Types of Tile: Pros and Cons

Today, it’s easy to see that there are numerous options to choose from when it comes to tile flooring. Within those options, there are also different price points and styles that can make it feel really overwhelming to decide just which type of tile is right for your space. Don’t let the wide selection of tile flooring overpower your chance to show your personality through design. In fact, you’ll find that while there are many types of tile to choose from, reviewing their pros and cons will help you narrow down to the ideal tile choice that will suit your space, style and budget.

Below is a list of the most common types of tiles as well as their advantages and disadvantages:

Source: ConsumerReports.org

sidebar-ceramicCeramic

Price: $2 to $7 per square foot

What is it? A mix of clay, minerals, and water, ceramic tiles are fired at high temperatures. Glazed styles are then treated with a liquid glass coating and fired again, creating a hard, stain- and scratch-resistant surface. Unglazed tiles are sometimes referred to as “quarry” tiles.

Best for: Ceramic tile is typically affordable, durable, easy to install and comes in a nearly endless array of colors and designs.

But: Colors can vary from lot to lot and ceramic is not ideal for high impact areas. Handmade or “art” tiles can be extremely pricey.

 

images-4Porcelain

Price: $3 to $7 per square foot

What is it? Porcelain tile is a type of ceramic tile that is fired at a higher temperature than standard ceramic, making it denser and less porous.

Best for: Use stain- and impact-resistant porcelain tiles on floors, walls, backsplashes. It’s easy to clean and comes in a wide variety of styles.

But: It requires a special setting material designed to adhere non-porous materials—DIYers often buy the wrong one. Check with the manufacturer to be sure you’re using the recommended adhesive.

 

floor-markerGlass

Price: $7 to $30 and more per square foot

What is it? Thin pieces of glass sold individually or as a mosaic, sometimes with other types of tile, on a mesh backing.

Best for: Colorful, reflective, easy-to-clean glass tile is best for walls and backsplashes. Some glass tile is rated for use on floors. The wide range of colors gives glass tile great “wow” factor.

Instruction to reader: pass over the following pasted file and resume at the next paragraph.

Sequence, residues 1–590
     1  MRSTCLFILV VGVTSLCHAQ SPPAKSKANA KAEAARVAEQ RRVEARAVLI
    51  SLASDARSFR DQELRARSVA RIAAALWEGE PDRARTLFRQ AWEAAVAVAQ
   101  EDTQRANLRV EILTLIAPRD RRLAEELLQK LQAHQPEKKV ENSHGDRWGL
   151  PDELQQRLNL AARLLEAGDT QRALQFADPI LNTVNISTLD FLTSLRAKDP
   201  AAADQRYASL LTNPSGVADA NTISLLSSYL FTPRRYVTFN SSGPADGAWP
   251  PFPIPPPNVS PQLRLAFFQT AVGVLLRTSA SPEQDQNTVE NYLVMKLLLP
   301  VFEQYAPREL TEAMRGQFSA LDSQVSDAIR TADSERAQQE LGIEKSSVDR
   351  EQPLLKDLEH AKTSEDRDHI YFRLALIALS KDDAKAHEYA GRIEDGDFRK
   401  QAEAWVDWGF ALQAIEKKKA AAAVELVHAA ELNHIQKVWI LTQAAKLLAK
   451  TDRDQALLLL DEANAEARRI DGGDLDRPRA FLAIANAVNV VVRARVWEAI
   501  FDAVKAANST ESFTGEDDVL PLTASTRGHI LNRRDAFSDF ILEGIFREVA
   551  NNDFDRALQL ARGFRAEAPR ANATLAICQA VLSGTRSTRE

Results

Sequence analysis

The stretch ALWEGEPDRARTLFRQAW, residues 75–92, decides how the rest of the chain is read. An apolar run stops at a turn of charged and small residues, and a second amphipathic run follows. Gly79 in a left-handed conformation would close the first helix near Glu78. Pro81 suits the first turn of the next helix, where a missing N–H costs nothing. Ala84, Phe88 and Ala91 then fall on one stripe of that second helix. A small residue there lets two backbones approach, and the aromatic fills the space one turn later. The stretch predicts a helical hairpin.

But: It can be expensive and difficult to install. Because the tiles are transparent, the adhesive is visible through the tile. Unless you’re highly skilled, getting professional-looking results is difficult for a DIYer.

 

cement_tile_satin_finishCement

Price: $9 to $17 per square foot

What is it? Handmade of natural materials, cement tiles—also known as encaustic or Cuban tiles in the U.S.—typically boast bold patterns.

Best for: Resilient and beautiful, cement tiles are appropriate for floors, backsplashes and walls.

But: They’re pricey and not as common as other tiles, so your installer may not be used to working with them. Also, cement tiles are prone to etching by acid or harsh detergents and must be sealed on installation and resealed periodically.

 

f011dd5d0e28438b_4303-w640-h454-b0-p0--traditional-wall-and-floor-tileStone

Price: $6 to $15 per square foot

What is it? Pieces of natural stone—granite, slate, travertine, marble, onyx, sandstone, to name a few—cut into thin, regular pieces, stone tile has a rich, one-of-a-kind look.

Best for: Use stone on walls, backsplashes, or floors. Get the look of a granite countertop for less by using granite tiles instead of a slab.

But: Most stone tile can be damaged by exposure to water, pigment, or acid, so be prepared for extra maintenance. Seal on installation and reseal every 10 years.

Need more help deciding which type of tile is right for your home or business? Contact us or visit us at our Design Center today!

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